the payment of these large SUlJl.!, but a very
considerable portion 01. them he was satisfted
might be made available withln a not very
remote period.
Hon. Mr. Holton asked if thehonourable
gentleman would mention the nature of these
Hon. Mr. Rose said the OTeat Western
Railway was due .a large SUIn, and several
other corporations, etc., were due consider-
able sums.
Hon. Mr. HoUon asked whether he included
the liabilities 01. municipalitiee· under the
Municipal Loan Fund Act.
Hon. Mr. Ro.e said he dld not allude to
fuese. .
Hon. Mr. J. S. Macdonald-You to the
Great Western and Northern liabillties.
Hon. Mr. Roae--Yes.
Mr. Mac:kemie--They will give you nearly
the whole amount.
Hon. Mr. HoltoD-And there Js the llabillty
of the Bank of Upper Canada.
Hon. Mr.Row-Possibly. He would now go
on to state what further provision he
proposed to make 1.0r meeting this 1l0atlng
debt; and he would at once state that he did
not propose doing anything whJch would Jn-
terfere wtth the commercial and banking in-
stitutions ol the country. (Hear, hear>. He did
not think it would be wise toattempt to
deplete the deposits which were in the banD
by obtaining· trom them a loan to Govern-
ment of the very considerable sum which he
had mentioned as now due on the floating
debt. He certainly much preferred a domesUc
to a foreign .loan. (Hear, hear). It gave people
a greater interest in the stablllty of our
insti tutlons, and alter allowance was made
for commissions, exchange, etc., a domesUc
loan at a higher rate of interest was probably
cheaper than a foreign loan at a lower rate;
but as he had said, he thought lt would be
unwise to attempt at once and hastlly to
absorb, the 1l0ating debt by means of a loan.
A laree amount of money now invested in
mQrtgages and .other securities wouId gra-
dually come in if Provincial debentures were
issued; but if debentures were issued ta the
amount that would be necessary to wipe out
the 1l0ating debt, the .Government would
necessarily come into competition with the
banks for money now deposited in them, and
this would compel the banJœ to restrict the
facilities they wouId otherwise aJ!ord to mer-
chants for purchasing their Spring importa-
tions, which would be an untortunate result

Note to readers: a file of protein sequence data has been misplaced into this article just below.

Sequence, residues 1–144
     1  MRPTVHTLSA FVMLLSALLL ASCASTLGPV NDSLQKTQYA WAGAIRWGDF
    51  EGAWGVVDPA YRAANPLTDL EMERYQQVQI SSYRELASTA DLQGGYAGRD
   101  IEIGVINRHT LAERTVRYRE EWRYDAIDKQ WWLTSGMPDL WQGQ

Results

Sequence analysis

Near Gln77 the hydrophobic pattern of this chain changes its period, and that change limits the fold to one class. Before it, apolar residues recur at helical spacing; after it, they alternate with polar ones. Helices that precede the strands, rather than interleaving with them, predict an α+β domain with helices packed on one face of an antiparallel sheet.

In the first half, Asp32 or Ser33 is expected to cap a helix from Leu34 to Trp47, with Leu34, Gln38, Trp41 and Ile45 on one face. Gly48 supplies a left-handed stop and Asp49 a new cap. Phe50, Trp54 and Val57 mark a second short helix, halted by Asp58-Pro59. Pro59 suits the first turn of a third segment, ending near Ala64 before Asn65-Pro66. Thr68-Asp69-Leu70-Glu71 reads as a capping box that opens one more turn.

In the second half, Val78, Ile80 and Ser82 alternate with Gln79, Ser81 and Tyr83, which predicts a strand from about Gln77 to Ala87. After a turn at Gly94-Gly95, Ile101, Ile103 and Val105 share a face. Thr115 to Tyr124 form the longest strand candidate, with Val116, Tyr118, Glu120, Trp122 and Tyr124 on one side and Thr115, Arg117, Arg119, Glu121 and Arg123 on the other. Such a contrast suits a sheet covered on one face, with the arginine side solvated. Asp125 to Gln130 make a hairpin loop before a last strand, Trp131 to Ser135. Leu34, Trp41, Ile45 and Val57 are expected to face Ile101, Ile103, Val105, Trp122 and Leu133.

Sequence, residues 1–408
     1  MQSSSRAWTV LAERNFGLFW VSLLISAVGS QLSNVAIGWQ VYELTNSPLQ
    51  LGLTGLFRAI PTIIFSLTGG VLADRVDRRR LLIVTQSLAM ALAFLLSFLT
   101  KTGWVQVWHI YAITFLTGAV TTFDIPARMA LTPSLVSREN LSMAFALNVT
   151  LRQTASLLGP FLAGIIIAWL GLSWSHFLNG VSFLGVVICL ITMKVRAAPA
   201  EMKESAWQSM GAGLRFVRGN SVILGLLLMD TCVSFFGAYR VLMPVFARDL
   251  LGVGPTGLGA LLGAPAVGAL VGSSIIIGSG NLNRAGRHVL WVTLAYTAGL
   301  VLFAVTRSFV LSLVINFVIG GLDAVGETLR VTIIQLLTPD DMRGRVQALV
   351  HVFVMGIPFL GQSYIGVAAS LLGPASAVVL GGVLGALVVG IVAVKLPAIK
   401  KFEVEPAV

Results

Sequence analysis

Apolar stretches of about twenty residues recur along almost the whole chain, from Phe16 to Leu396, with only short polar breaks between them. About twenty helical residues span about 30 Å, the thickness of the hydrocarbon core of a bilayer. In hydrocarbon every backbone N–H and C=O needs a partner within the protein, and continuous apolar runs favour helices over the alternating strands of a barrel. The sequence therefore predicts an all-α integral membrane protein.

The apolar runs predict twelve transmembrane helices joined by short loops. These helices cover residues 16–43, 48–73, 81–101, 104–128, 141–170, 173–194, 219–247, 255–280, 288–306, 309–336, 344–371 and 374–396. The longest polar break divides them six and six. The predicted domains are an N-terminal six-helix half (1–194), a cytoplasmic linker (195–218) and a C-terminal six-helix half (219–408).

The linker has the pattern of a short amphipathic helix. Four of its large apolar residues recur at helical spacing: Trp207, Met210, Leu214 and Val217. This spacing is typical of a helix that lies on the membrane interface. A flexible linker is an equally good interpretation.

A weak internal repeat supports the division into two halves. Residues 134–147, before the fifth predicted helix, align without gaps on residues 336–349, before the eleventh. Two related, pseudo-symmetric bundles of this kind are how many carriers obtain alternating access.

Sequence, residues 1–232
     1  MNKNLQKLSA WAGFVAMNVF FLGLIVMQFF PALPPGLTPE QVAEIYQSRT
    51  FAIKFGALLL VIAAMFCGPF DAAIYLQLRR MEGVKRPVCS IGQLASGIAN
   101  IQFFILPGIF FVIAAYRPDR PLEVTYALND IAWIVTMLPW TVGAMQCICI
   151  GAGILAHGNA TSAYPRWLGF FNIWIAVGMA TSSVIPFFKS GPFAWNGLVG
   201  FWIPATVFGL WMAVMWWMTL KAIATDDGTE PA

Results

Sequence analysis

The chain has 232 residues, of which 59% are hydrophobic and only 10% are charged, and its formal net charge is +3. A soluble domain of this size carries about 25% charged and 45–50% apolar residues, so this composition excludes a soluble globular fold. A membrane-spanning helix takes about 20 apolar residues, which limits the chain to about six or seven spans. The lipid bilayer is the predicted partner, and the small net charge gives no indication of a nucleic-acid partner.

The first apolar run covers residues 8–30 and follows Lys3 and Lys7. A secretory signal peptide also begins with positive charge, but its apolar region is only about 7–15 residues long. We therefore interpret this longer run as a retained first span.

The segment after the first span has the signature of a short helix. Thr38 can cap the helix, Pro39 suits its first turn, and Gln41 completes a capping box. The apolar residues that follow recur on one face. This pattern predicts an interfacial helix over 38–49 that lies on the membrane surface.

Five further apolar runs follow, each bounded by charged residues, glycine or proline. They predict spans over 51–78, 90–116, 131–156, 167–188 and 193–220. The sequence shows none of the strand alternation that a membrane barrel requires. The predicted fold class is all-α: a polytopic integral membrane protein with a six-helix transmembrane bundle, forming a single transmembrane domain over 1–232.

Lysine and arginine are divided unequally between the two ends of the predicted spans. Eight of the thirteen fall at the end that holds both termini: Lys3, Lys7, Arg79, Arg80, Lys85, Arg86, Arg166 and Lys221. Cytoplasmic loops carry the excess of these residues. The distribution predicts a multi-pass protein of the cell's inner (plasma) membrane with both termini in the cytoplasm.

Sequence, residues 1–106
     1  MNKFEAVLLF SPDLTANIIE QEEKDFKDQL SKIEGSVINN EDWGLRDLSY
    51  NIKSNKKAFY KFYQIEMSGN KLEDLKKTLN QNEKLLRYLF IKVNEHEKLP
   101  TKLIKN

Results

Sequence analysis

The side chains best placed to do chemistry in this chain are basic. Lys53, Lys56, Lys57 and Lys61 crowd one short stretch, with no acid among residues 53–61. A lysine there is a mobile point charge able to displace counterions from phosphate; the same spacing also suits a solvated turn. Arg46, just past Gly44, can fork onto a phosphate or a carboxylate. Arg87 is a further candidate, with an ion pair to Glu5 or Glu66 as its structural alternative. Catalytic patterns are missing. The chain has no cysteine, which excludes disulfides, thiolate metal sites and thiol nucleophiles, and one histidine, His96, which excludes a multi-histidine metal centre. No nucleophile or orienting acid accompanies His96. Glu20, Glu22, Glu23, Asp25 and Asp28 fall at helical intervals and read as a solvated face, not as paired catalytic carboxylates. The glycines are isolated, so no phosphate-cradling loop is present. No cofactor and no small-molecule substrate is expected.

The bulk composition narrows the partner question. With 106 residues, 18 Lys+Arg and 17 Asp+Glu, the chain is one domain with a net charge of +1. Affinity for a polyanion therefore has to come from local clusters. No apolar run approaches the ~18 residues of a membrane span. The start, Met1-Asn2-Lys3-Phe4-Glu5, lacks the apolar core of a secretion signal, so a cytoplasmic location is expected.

that would react very injudiciously on the
Customs revenue 01. succeeding months. But
there were other very considerable SUIDa in
the country whlch individuals, trustees, and
others would be glad to invest in Government
securitles, and he proposed· to ask power ta
create a Dominion stock ln which truatees
and executors, corporations, Court of Chan-
cery, and others entrusted with trust monies,
might be able to make their investments. He
believed that a very considerable proPortion
of our indebtedness might be gradually ab-
sorbed in that way. The Government
proposed also to give facilities for the pur-
chase of terminable annulties. The statistics
of insurance companies showed that· there
was a considerable demand for that kind of
annuity, and that many individuals would be
glad to purchase annuitles at a rate of inter-
est somethin, like six per cent, either on
their own lives, or those of thelr chUdren. A
considerable sum mlght be made avaiJable to
the Government in that way. There wa! •
third source tram which a considerable sum
might be obtained-the extension of the prin-
cipal of Savings Banks. If there was anything
which the Government ought to encourage, if
it could, it wa5 habits 01. economy and thrUt
on the part of the populaUon; and U there
was any class of securities which ought to be
put beyond the reach of possible contingen-
cies, it was the savings of the poor. We found
214 CONNONS DEBATES December 7,1887
that where Government had taken Savinp
Banks under their protection, the number of
deposltors and amounts per head hl propor-
tion to population were very much increased.
In Ontario and Quebec the Savings Banks
were generally bran<:hes of other Banks. In
Nova Scotia and New Brunswi<:k, where the
savings deposited were guaranteed by Gov-
ernment, we found in proportion a much
larger number of depositors and larger
amount deposited than were deposited in or-
dinary ones. Post Office Savings Banks in
Nova ScoUa and New Brunswick amounted to
$1,411,804, representing 8,412 deposits. In
Canada we have in our Savings Banks $3,-
571,494, and the number of depositors wu
but 15,179, showing the deposits in those
Provinces. where Government facillties have
been afforded to be $2.30 per head, while in
Canadathey amounted to $1.15. The number
of depositors in Canada was 1 in 2.35, in Nova
Scotia and New Brunswick 1 in 168.
Nr. Blake asked if the amount given in-
cluded Building Socletles.
Hon. loir. Ro•• said ft included the whole,
except those which the Government had not
heard of, bein, Savings Banks connected
with Banks.
loir. Blake-That is a very considerable item.
Hon. loir. Ros--.-It appears in the monthly
returns as among ordinary deposits. There
was another mean8 by which the Govemment